Paris-based designer Vincent Darré has a passion for musicals. He is a fervent fan of Vincente Minnelli classics like Ziegfeld Follies and regularly leaps balletically down the streets of the French capital à la Gene Kelly (check out his Instagram account, @vincent_darre, to see him in action). His close friend, fashion icon Inès de la Fressange, first met him at a dinner in Provence where he was leading the young girls of the house in dance. “I recall this young man in a white linen suit who charmed everyone with his joie de vivre, elegance and kindness,” she says.
There is great joyfulness to Darré’s work too. It is characterized by bright colors, whimsy and a tongue-in-cheek sense of humor. His furniture creations include a delightfully witty chest of drawers in the form of a crayfish and an octopus-like sconce with a bulb at the end of each tentacle. He has also decorated the Hôtel Montana in Saint-Germain-des-Prés and an apartment for the Spanish model Inés Sastre in a former artist’s atelier near the Trocadéro. The scheme for the latter features a poetic pale blue bedroom wrapped in a 1940s-style fabric designed by his artist friend Pierre Le-Tan and a custom nail-varnish-red wallpaper in the entry hall. Last fall, Darré temporarily transformed the Luxury Living showroom on Paris’s Avenue George V with a set devised to evoke a dreamlike château. “Vincent’s a unique personality in the world of decoration,” enthuses the Italian furniture group’s president, Raffaella Vignatelli. “He has a lot of imagination and creativity.”
The setting for our interview was his opulent new showroom on rue Royale, where he served tea out of one of his most prized possessions: a Cubist samovar he bought some 35 years ago. In keeping with his obsession for musicals, Darré claims he chose the address because its environs reminded him of An American in Paris (the street runs between two of the French capital’s most distinctive monuments, the Place de la Concorde and the Madeleine church). He also liked the fact that the legendary 20th-century French decorating firm Maison Jansen was formerly located just a few doors down. Darré’s space occupies a series of lofty rooms in a quintessential 18th-century town mansion. “It has the proportions of a palace,” he says. “I immediately saw it would allow me to re-create the house of my dreams.”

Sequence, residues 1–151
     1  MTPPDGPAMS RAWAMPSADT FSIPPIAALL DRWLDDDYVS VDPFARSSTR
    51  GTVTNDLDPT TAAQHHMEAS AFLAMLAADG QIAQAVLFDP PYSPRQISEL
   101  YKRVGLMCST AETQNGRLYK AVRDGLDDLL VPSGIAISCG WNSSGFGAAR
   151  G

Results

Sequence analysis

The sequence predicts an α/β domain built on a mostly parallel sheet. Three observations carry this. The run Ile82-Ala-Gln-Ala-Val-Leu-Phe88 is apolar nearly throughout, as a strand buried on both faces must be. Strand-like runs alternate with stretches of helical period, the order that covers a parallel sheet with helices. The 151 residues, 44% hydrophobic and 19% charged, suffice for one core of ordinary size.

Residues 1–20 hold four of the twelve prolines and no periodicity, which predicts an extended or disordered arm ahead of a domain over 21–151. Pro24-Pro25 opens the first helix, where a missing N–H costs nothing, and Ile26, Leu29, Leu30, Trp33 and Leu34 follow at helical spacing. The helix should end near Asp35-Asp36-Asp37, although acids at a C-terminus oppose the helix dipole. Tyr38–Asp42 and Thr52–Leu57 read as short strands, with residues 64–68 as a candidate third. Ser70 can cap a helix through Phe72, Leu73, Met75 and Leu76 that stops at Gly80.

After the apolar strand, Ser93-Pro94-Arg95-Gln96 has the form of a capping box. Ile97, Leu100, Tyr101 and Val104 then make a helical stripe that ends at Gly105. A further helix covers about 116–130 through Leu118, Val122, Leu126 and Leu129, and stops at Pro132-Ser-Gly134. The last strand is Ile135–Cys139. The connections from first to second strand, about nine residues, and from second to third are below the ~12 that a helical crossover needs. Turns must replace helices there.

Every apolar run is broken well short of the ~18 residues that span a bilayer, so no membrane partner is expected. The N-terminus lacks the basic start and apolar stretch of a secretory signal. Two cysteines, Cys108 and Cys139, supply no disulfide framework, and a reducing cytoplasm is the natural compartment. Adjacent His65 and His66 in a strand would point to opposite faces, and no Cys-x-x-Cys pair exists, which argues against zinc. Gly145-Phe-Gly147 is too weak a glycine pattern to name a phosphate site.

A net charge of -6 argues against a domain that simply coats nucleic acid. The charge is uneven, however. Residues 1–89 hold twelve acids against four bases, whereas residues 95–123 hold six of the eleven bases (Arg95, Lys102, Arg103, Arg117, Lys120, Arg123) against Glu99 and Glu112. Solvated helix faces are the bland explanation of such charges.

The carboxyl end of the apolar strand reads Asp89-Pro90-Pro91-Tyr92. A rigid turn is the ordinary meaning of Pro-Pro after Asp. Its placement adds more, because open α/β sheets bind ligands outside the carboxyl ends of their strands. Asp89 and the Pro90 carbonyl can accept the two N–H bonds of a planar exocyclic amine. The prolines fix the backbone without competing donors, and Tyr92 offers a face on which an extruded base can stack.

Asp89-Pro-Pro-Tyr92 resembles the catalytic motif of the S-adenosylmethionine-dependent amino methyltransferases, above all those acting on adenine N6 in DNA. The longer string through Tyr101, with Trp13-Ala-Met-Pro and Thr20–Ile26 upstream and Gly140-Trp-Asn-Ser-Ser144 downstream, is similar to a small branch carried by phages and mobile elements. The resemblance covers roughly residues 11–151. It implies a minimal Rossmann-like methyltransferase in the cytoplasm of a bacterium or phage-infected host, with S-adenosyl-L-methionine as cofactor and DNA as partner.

Here, Darré presents not only his own furniture collections (the latest, Renaissance, is largely inspired by antiquity and garden design) but also pieces by friends, such as a wallpaper by Jennifer Shorto and a lava-stone console by Eric Schmitt. “What Vincent prefers more than anything is working with those close to him,” notes Schmitt. “It’s almost like a family of artists.” Darré also sees the space as an ode to fine French craftsmanship. He asked straw-marquetry specialist Lison de Caunes to create a series of panels decorated with shapes inspired by metaphysical Italian engravings. There is also a stained-glass window designed by Darré and made by Simon Marq and intricate window blinds made using braid and ribbons by Lilou Marquand, an octogenarian who for more than 15 years was Coco Chanel’s assistant.
Darré embraces theatricality, disorder and imperfection but shuns the idea of being in fashion
Darré came to interior design late in life. He was born in 1959 and had what he describes as “a strange childhood.” His father was a journalist who later became a sociologist. His mother worked in publishing and hung out in postwar Saint-Germain-des-Prés with now-iconic figures like writer Boris Vian and singer-actress Juliette Gréco. After May 1968, the family unit sundered when his father left his mother for her best friend. Darré ended up living with his mother in a rather decadent environment in Montpellier. “She performed illegal abortions at our house, smoked weed and had lesbian and homosexual friends,” he recalls.